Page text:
One month until school starts again. I’m ready and not ready. Late summer is a time to be relished. Produce comes into season. The days are still long and the dogs days of summer take on a comfortable vibe. The beach, the park, the neighborhood bike trip are no longer novel, but still entirely enjoyable.
It’s a nostalgic time.
1. Kids and summer entertainment
So I was just reading a blurb about some poor children. You know the ones. The kids who don’t take an elaborate summer vacation. The ones who have to help around the house, watch siblings, fend for themselves. The ones who have to come up with their own entertainment and put extra effort into having a fun summer.
To be honest, it made me a little annoyed. This is my kids’ summer. This described my summers growing up. And to post an article treating their summer like a deprivation is such a trigger to guilt in impressionable, tired moms.
What our culture, our parenting culture, fails to realize is that entertainment is a luxury, not an unalienable right. Even my own pediatrician told me boredom is good for kids- steered rightly, it can make creativity abound. Which leads me to #2…
2. Goodbye TV… again.
So we were working on a project while Stephen was on a work trip. The weather was pleasant, and while cleaning the garage isn’t glamourous, it is necessary. Plus, having a chance to be a blessing to their dad? Yes, a thousand times, yes!
But these kids of mine would float away into the house to watch the stupid box. On a gorgeous day. The type of day that demands attention because we live where it is cold 1/2 the year.
So I grabbed the TV and took it to the shop. And there it shall remain indefinitely. Because I’m tempted to sit them in front of the TV instead of insisting that they be productive and show initiative and creativity.
This isn’t the first time I’ve done it, and it will not be the last.
3. Life isn’t fair.
Yet still on the child rearing track, I think another lesson I am failing to teach my kids is that life is not fair. Bad things happen, and we cannot always throw a fit when the winds are not in our favor.
This is such an important lesson too, because the knowledge helps us deal. Everyone else does have their share of disappointments to varying degrees. God knows. He is using our circumstances to do a far greater work than we can imagine.
But we doubt this, and we doubt it in the lives of our kids. And the things we think are just terrible and awful…. well, compare it to people half a world away or a century ago, and you may gain perspective.
We want to fix all the injustices in the world for our kids… google snowplow parenting to see what I mean. We teach our kids absolutely nothing about problem solving, coping or real life when we pave their way to a problem free existence.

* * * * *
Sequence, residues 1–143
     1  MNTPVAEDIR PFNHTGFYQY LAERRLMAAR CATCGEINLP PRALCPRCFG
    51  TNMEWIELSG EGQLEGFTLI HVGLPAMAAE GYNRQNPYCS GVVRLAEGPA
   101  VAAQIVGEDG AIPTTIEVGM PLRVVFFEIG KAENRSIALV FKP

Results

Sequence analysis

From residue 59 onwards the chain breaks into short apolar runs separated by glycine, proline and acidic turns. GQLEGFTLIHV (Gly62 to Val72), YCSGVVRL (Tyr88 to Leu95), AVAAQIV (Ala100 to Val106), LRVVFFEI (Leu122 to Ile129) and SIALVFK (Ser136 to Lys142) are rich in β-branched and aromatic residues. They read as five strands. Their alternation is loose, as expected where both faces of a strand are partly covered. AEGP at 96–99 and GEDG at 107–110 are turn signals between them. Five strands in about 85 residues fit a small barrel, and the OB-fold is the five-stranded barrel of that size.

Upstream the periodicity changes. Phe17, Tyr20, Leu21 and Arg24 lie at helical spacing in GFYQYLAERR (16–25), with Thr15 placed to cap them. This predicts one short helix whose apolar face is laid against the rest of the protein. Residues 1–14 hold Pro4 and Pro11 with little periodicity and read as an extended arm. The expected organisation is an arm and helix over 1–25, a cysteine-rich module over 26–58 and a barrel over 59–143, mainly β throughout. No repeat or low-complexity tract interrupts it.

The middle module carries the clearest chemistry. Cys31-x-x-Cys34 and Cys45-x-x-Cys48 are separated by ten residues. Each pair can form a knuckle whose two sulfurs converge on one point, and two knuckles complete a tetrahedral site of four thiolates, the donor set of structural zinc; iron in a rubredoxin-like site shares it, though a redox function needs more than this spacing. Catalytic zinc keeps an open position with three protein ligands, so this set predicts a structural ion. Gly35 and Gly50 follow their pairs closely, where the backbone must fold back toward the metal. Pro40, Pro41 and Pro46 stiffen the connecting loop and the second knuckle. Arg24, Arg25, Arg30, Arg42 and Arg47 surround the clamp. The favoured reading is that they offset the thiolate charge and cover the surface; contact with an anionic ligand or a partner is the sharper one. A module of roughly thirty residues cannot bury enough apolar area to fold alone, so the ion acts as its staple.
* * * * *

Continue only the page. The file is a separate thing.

And I get it. Watching your child struggle is an awful feeling. You want to make it better. It’s a natural tendency. But I am telling myself- and sharing with you- that we need to knock it off. We do our kids no favors in the long run.
4. It’s okay to not be okay.
I’ve been in a little funk lately. I have no idea why. These things do happen, though, and it would be dishonest on my part to pretend they don’t. I think God uses these times to teach me about my own frailty; to keep me humble.
It is okay to be struggling. It is not okay to stuff it away. First, tell it to Jesus. He is acquainted with our griefs. He understands and wants us to unload on Him. His shoulders are big, and He can help in ways no one else can- Jesus can change attitudes and hearts.
Second, find a friend, a relative, a counselor and tell them what is up. Share your heart with them, not as replacement for God, but for accountability. You may need just the listening ear, but you may need more than that. A confidant can help you determine what you need. There is safety in counsel, good counsel. Not just someone who will agree with you on everything.
Third, rest in God’s Word. Open the Bible and do the wrestling. Read until the Holy Spirit gives you the solace you need. Then memorize it. Dwell on the truth of the Word instead of wallowing in your circumstances or your fog. The Bible tells us our minds need renewing, and it is equipped to do just that.
Supposedly we have a really nice lawnmower that a friend gave to us when he got rid of his vacation home. It’s timeless. But it needs conjuring that only my husband can give it. Since he has been busy, the grass keeps growing.
Optimistic me tried to get the thing started. And I did. Only for it to die time, after time, after time again. So I sit here with a meadow.
I’m starting to think it gives my dear handyman a feeling of purpose to have a machine that will only obey him. I get it.
So I guess I will just go inside and enjoy my new-to-me dishwasher. It had an error code last week that I quickly fixed. So I get the personal affirmation from appliances… this is our life. 😉
Hope your weekend is maintenance free!